At the time of this writing, the James Webb Space Telescope was perched upon its ride to space, ready for its much-delayed launch from the ESA spaceport in French Guiana. The $10 billion space observatory suffered one final delay (knocks on wood) when predictions of high winds aloft pushed it back from a Christmas Eve launch to a Christmas Day departure, at 12:20 UTC. Given the exigencies of the day, we doubt we’ll be able to watch the launch live — then again, past experience indicates we’ll still be wrapping presents at 4:20 PST. Either way, here’s hoping that everything comes off without a hitch, and that astronomers get the present they’ve been waiting many, many Christmases for.

In other space news, things are getting really interesting on Mars. The ESA announced that their ExoMars Trace Gas Orbiter has detected signs of water in the Valles Marineris. The satellite found a large area of increased hydrogen concentration in the top meter of Martian soil; the assumption is that the hydrogen comes from water, meaning that as much as 40% of the material in the region scanned may be water. If so, that’s a huge find, as we thought most of Mars’ water was locked in the polar regions. The Mariner Valley stretches more than 4,000 km just below the equator, and so may prove to be an important resource for future explorers.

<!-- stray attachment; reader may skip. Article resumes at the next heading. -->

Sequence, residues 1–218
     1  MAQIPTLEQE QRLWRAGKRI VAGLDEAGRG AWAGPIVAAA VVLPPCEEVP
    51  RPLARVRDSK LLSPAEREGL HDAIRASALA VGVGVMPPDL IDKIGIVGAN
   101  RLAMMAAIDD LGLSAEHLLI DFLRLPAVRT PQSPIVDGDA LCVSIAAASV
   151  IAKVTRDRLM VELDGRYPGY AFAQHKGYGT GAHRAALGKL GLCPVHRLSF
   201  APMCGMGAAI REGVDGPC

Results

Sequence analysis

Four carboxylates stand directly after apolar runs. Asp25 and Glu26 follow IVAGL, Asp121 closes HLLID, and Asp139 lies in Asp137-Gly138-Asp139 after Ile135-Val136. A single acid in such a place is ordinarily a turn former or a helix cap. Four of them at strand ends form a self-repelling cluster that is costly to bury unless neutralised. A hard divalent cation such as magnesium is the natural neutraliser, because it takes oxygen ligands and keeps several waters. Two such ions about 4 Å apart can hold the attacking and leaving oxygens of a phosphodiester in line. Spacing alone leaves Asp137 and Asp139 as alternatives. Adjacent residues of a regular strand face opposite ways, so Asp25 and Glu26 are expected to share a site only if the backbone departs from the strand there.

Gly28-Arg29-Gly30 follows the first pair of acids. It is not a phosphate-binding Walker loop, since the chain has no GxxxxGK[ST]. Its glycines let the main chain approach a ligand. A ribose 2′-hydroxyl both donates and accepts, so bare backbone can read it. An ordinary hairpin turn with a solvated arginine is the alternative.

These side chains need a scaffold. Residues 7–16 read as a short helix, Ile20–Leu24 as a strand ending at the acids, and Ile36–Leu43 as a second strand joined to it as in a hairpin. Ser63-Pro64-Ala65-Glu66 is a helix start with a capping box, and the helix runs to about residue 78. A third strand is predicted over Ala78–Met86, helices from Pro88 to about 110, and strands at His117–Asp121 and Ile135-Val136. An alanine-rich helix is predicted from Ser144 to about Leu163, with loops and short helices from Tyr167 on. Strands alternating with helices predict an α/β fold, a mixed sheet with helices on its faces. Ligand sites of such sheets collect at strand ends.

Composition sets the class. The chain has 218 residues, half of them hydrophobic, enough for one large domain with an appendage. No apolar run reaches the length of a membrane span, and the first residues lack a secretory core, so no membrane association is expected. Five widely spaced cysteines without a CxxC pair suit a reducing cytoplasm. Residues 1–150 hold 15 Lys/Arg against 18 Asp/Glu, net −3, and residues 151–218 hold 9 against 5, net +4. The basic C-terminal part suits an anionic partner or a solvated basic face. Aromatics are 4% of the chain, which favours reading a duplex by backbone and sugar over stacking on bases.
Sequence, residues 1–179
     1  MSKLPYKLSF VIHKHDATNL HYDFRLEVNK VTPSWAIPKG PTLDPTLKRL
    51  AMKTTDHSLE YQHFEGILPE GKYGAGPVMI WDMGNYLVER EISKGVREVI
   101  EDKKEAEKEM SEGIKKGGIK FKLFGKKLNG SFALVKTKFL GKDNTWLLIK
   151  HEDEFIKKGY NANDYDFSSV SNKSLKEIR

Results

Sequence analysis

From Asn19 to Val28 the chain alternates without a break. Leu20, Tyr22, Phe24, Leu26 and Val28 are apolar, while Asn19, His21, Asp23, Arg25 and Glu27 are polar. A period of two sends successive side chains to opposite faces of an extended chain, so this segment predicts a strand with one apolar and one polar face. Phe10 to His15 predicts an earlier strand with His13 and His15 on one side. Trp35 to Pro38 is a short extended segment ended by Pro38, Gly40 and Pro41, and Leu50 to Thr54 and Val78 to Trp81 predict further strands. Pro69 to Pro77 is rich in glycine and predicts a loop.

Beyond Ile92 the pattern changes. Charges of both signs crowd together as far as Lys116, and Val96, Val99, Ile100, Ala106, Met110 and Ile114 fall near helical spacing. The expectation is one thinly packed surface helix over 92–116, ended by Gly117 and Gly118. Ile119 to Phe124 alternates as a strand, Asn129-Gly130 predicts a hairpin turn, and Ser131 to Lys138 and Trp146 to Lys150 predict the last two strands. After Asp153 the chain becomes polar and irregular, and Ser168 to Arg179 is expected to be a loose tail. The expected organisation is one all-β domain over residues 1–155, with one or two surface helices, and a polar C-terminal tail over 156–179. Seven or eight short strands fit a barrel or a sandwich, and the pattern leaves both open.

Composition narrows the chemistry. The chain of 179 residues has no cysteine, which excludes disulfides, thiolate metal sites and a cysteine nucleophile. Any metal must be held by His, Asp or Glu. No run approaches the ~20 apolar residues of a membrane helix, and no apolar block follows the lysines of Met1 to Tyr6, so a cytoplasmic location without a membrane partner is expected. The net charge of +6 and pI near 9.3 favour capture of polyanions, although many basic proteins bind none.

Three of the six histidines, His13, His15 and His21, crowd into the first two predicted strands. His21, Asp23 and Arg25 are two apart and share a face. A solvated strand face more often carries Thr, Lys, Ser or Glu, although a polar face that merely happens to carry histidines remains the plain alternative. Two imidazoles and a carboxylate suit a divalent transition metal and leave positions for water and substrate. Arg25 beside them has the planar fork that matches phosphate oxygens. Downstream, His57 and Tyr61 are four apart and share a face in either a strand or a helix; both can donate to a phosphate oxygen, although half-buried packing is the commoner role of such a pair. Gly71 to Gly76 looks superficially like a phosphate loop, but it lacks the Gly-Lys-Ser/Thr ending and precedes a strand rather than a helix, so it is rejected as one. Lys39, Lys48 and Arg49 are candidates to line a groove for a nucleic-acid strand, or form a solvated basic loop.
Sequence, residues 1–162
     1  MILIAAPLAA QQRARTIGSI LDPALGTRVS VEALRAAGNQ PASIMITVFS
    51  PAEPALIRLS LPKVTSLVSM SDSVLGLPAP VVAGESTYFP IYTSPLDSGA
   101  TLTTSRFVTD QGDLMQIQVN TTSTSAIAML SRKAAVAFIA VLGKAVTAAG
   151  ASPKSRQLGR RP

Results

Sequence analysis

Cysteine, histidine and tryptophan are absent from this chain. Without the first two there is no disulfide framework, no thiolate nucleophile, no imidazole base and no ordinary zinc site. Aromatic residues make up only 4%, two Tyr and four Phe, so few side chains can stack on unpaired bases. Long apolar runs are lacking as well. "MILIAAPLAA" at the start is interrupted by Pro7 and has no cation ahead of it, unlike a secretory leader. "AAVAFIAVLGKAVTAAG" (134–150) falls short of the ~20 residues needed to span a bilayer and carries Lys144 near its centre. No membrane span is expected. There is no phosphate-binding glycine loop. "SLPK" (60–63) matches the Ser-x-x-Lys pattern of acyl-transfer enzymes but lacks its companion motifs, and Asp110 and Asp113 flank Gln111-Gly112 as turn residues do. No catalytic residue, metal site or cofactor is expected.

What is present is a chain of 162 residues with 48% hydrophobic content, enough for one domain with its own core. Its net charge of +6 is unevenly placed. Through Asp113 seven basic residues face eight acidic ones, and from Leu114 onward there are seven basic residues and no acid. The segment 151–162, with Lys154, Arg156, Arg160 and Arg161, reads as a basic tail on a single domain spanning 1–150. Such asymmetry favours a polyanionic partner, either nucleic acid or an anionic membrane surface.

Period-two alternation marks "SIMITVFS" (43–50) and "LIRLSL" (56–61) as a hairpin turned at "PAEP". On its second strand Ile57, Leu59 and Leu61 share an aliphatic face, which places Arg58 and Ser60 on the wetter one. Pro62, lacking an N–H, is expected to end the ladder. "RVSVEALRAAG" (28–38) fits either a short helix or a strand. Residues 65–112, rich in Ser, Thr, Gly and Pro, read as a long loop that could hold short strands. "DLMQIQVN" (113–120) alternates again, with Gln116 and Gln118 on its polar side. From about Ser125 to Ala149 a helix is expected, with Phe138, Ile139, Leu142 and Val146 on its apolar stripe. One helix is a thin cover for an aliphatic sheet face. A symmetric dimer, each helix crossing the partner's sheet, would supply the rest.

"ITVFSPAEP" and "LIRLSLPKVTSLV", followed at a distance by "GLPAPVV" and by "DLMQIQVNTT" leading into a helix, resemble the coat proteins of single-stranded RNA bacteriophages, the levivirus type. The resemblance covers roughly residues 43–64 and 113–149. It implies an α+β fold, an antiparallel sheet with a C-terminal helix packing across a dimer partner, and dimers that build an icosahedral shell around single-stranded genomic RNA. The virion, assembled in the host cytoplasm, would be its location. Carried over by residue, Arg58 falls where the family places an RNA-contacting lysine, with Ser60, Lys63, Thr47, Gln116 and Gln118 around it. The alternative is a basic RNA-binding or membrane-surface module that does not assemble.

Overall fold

Meanwhile, in Jezero crater, Perseverance has decided to upstage its rotorcraft sidekick for a change by finding signs of organic molecules on Mars. It’s not the first time organic compounds have been found — Perseverance’s cousin Curiosity found some too, ESA’s Mars Express mission spotted methane from on high, and then there were the equivocal but intriguing results from the Viking missions in the 1970s. But the latest evidence is really great news for the scientists who picked Jezero crater as a likely place to search for signs of past life on Mars. The organics found are not proof of life by any means, as there are many ways to make organic molecules abiotically. But then again, if you’re going to find evidence of life on Mars, you’ve got to start with detecting organics.